Fairly early on, I realized the camera was never going to accompany Eve (the incredible Gabriela Cartol) outside of the luxury hotel where she works. She goes home at the end of her shift, we know, but we don't get to go with her. We're as trapped as she is. And I think it's this that makes The Chambermaid so brilliant. In any other variation on the story, we'd follow Eve home through dark Mexico City streets, into her tiny…
Cassandre is content to bottle up her emotions as tightly as the jet plane full of passengers she serves as a flight attendant for a budget European airline. The phoney corporate mask suits her, at least until she's forced to train for a promotion to cabin manager. During a subsequent flight, she's tasked with managing a troubled passenger, when her innate sympathy and kindness of heart lead her to defy strict corporate policy, resulting in a suspension of her employment.…
I guess I'm a Michel Franco fan now. It's pretty much what I love. Slow, static, and observational.
But the patented Franco schtick, at least so far as I've seen it, with the measured, even modulated reveals, needs a degree more breadth than this scenario can give. David always feels too far ahead of what is revealed, and we can comprehend.
I kinda love the premise, though, and Tim Roth can do no wrong, so I'm easily on board.
I simply love this. Franco's reveals are perfectly restrained. Like juice from compressed fruit, they're timed within an inch of their lives, and arrive with precision. The overall scent of langour, indifference and fatalism is that same fruit fermented. While I think New Order never rises from its own pretense, with Sundown, Franco nails the revelatory nature of his protagonist's surrender, and the awful cost of his indifference.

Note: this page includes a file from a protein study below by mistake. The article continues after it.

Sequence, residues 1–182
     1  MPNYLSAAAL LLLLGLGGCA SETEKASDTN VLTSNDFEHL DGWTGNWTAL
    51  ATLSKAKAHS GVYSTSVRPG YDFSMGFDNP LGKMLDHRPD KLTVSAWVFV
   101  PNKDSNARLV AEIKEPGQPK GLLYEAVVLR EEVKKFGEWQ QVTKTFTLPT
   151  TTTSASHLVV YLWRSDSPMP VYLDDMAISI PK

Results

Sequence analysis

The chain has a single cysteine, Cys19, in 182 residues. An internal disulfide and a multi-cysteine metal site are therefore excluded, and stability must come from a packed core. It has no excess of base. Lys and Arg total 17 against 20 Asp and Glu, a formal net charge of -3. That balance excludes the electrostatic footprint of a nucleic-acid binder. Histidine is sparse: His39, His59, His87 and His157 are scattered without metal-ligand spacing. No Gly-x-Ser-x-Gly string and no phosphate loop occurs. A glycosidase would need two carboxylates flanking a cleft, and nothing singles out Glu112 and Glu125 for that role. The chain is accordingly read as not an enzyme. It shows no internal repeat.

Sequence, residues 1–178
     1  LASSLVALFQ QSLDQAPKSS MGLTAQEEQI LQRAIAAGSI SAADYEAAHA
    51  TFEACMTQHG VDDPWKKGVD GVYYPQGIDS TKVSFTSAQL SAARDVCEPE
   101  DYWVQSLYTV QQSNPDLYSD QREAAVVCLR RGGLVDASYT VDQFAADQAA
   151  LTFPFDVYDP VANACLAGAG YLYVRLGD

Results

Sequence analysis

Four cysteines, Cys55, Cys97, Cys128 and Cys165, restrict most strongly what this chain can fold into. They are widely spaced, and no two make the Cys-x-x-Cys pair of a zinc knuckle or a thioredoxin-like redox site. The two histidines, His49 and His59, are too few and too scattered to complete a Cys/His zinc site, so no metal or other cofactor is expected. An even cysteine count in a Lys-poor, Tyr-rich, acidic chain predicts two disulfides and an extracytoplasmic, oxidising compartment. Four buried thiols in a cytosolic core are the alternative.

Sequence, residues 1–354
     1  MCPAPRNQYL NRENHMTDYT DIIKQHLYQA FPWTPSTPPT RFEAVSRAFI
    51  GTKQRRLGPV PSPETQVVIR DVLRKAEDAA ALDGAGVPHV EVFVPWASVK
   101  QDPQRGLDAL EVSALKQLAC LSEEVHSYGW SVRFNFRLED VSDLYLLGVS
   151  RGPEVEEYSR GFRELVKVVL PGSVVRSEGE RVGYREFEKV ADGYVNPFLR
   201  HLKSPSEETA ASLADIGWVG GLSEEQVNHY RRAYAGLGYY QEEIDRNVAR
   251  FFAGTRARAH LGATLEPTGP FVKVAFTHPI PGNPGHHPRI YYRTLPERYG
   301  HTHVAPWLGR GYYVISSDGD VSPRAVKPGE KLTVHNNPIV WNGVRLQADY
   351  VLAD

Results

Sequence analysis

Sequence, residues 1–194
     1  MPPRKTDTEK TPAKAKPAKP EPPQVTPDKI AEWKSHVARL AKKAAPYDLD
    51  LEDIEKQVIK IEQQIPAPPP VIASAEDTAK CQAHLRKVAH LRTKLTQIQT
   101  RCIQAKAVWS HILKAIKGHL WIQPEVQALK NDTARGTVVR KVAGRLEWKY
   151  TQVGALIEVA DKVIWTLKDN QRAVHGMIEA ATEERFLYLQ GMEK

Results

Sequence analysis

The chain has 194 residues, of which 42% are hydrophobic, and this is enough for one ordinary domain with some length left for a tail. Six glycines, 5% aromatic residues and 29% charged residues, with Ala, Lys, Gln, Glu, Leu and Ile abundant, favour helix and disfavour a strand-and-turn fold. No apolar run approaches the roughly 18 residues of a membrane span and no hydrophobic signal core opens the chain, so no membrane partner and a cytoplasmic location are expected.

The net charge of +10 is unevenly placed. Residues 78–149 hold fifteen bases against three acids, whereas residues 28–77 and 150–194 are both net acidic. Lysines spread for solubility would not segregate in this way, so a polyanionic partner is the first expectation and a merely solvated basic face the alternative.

All of Akerman condensed into a single pristine hour. Michèle yearns for connection, but can’t pretend it will ever come easily to her. Defying all conventions and restraints, she presses out into the world, alone. Like so many Akerman protagonists, the more Michèle interacts with others, the more solitary she becomes. The simultaneous experiences of pain and happiness, of proximity and distance, of brightness and gloom, Akerman bestows on Michèle, played pitch-perfect by Circé Lethem. Other than Chantal herself, no…
I really do love the flat, static tableau style of Breillat’s visual composition. It resembles precisely the mental imagery of a young girl envisioning a faery tale (I imagine). As a feminist retelling of the old French yarn, the female characters are just as accountable for their own captivity as the blue-bearded ogre (played to forlorn perfection by Dominique Thomas), if not more so.
The women and girls condemn themselves and one another as sacrificial virgins, setting traps they then…